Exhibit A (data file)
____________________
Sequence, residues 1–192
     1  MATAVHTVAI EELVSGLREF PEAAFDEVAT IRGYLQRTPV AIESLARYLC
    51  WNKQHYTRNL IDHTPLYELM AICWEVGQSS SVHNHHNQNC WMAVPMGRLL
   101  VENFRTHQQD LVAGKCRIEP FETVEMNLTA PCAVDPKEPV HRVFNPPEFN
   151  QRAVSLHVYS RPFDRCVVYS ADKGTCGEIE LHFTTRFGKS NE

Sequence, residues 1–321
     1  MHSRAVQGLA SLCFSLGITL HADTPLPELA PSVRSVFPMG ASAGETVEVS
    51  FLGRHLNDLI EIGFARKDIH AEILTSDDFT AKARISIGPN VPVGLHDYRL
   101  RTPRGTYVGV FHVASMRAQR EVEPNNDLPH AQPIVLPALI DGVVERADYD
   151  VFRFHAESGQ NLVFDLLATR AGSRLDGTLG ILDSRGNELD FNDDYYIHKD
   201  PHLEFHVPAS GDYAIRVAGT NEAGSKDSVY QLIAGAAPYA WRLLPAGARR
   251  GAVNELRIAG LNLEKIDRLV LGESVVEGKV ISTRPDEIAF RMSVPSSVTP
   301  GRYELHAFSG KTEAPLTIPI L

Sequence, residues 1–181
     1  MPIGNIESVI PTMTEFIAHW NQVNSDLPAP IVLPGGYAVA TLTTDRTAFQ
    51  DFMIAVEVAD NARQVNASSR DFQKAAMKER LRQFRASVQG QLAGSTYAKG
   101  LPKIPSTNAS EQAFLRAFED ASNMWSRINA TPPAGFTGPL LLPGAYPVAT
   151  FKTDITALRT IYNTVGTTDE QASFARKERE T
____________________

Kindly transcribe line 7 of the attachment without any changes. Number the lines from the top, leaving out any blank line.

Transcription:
     1  MHSRAVQGLA SLCFSLGITL HADTPLPELA PSVRSVFPMG ASAGETVEVS